Pumpkin patch

Fall is here in Pennsylvania! Time for jeans, flannel, and of course, pumpkins. This past weekend we took a trip to a local orchard to do some pumpkin picking. It was a lot of fun and we’re planning on going to another orchard soon to do some apple picking and have fun at their fall festival.

Our daughter loved it. She picked up just about every pumpkin she saw and tried to put them all in our wagon. We had to explain that we couldn’t take all of them because we didn’t have room and we needed to leave some for everyone else. So we gave her a task of finding the biggest, orangest pumpkin she could find. That seemed to work in keeping her from picking up all of them.

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Upgrades to my brew kettle

I recently purchased a larger kettle for brewing. Today I added a few accessories to make it more functional. With this upgrade and my new mash tun, I’m finally where I want to be with my small home brewing setup. 

Here’s the adventure in pictures.

The brew pot with ball valve and thermometer
Measuring where to drill
Points measured. Top one is thermometer, bottom is ball valve
I used a nail to punch a divot so the drill bit didnt wander
I realized after this I should start with a small bit for a pilot hole
Thermometer pieces together, the wall of the pot goes between the two silicone gaskets
Thermometer threaded awaiting tightening
Ball valve construction
Finished and tightened
Testing for leaks. Both holes had slow drips.
Added more teflon tape and some small adjustments to fix the leaks and it’s finished!

Some things I learned for next time:

  • Use a masonry bit to drill the pilot hole. I killed three regular drill bits trying to cut through the stainless steel.
  • WD-40 is not the best option for drilling oil, but it does help.
  • Put more weight on the drill than you think. If I could have sat on it I would have.
  • Make the ball valve as low as possible. I probably could’ve dropped it another 1/2″ lower and still had a good seal. 
  • Use the Teflon tape liberally. I had leaks at both holes that were fixed with 10-15 more wraps of tape.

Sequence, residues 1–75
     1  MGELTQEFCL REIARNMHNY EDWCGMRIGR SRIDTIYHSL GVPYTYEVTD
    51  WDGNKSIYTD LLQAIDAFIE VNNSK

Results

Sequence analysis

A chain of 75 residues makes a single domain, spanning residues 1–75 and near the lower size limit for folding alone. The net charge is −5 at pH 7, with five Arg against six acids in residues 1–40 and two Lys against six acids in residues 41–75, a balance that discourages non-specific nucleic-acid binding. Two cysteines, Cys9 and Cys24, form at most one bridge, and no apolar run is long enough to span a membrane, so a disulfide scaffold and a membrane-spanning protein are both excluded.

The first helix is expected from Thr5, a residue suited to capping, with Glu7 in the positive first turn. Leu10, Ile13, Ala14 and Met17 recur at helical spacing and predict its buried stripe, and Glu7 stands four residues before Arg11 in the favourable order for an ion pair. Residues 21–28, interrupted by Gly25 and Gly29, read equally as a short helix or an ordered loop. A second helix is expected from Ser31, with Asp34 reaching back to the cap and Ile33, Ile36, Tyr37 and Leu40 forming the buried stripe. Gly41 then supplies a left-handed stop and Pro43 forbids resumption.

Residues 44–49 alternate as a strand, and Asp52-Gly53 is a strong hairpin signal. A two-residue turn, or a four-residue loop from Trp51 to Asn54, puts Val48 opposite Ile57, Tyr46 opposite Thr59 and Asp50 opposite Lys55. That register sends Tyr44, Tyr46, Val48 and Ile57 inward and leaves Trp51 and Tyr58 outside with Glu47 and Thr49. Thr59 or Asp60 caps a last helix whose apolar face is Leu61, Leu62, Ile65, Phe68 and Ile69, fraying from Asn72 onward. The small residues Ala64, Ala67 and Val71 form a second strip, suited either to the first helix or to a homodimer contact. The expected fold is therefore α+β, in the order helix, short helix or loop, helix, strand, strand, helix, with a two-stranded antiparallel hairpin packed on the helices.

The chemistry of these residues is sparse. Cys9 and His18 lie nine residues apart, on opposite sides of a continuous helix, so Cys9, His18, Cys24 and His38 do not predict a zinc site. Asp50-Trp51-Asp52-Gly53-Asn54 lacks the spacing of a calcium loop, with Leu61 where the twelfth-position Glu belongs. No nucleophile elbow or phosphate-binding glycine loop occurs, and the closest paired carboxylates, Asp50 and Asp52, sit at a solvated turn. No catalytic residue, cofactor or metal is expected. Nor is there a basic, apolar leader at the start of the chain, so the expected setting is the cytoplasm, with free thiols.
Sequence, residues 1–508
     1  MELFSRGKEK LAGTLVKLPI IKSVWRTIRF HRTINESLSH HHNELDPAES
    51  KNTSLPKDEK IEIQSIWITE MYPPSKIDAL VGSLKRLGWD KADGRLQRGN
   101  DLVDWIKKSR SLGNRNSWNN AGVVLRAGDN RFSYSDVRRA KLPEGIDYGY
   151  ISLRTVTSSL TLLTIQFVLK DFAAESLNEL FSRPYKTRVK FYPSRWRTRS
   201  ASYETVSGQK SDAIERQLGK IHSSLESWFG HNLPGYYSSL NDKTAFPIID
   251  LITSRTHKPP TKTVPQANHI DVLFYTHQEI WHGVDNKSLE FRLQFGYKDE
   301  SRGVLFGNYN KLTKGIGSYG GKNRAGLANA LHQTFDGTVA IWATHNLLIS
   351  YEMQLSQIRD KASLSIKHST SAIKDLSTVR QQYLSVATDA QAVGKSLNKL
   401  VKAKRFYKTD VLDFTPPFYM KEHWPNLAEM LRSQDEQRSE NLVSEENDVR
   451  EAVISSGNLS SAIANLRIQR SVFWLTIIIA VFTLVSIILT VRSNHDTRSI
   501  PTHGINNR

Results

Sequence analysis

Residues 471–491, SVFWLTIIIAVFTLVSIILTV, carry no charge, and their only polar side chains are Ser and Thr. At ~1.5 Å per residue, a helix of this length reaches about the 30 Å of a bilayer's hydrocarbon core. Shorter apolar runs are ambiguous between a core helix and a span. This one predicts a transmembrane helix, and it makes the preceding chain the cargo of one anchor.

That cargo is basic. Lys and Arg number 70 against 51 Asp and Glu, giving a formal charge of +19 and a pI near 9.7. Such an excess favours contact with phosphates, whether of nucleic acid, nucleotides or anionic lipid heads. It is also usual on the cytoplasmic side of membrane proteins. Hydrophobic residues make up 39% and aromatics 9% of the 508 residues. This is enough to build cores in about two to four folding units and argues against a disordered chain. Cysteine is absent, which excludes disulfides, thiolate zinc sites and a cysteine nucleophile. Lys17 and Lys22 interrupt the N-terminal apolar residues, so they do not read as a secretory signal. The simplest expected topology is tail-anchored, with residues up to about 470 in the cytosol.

I’m really looking forward to using this on my next brew day. Now I can see the temperature at a glance. I also don’t have to lift 3-5 gallons of liquid and try to dump it through a funnel into my fermenter.

It should go a lot smoother.

My $15 Mash Tun

After a stroke of luck in which I spotted an old cooler on the side of the highway, I finally have the last piece to complete my all-grain home brewing system. Some people order stainless steel ball valves and pieces which aren’t favorable to a budget. With a trip to Lowe’s I was able to convert it into a cheap 52 quart mash tun.

For those that aren’t homebrewers, a mash tun is a piece of equipment used in grain brewing. It’s a vessel used to convert the starches found in crushed grain into fermentable sugars. The mashing process involves steeping the malted grains in hot water which allows enzymes to break down the complex starches into simple sugars. These sugars are what the yeast can then ferment into alcohol.

Up until now I have been brewing exclusively with malt extract. This is basically just condensed, pre-mashed mixture in powder or syrup form. But now I can do my own mashing. My co-worker Derek Springer equated extract brewing vs. all-grain brewing is like the difference between making boxed mac and cheese with the cheese powder vs. cooking it from scratch.

The project started when I was driving down the highway to meet my wife for lunch. I spotted a cooler on the side of the road, and it was still there on my way back home. So I stopped and picked it up.

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It’s a little beat up and dirty, but it holds water without any leaks! Now I have the most expensive piece of the build, but it’s free.

The first step was to remove the drain plug so I knew what size tubing I needed to get. It was on there tight, but easy enough to remove with pliers.

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Next was a trip to the hardware store. I’ve read a few blog posts with other DIY builds so I had a general idea of what I needed. 20 minutes of standing in the aisle trying different sized tubing and fittings, and I had all the supplies.

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  • 1/2″ OD x 3/8″ ID vinyl tubing – about 5 to 10 feet
  • 3/8″ OD x 1/4″ ID vinyl tubing – 12 to 15 inches
  • 1/2″ threaded PVC valve
  • (2) 3/8″ hose barb with 1/2″ fitting
  • 1/2″ x 12″ stainless steel braided water hose
  • (4) 1/2″ stainless steel hose clamps – not pictured
  • Teflon tape

The hardest and most time-consuming part of the build was cutting the ends off the braided hose. Due to my lack of power tools (and where the hell did my hacksaw go?!) I was forced to use a utility knife.

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Tip for anyone building your own: be careful of these steel braid ends. If they fray they are very sharp. I stabbed my fingers at least 8 times working with it.

Sliding the tubing out of the mesh was another challenge. It kind of reacts like a Chinese finger trap when you pull on it. I found the easiest thing to do was to get it wet and twist as I pulled it out with the pliers. It’s definitely a slow process.

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After the tubing was out of the mesh, I realized the 1/2″ OD vinyl tubing would be just a tad too big to slide in easily. Luckily I had some 3/8″ tubing that I was able to use.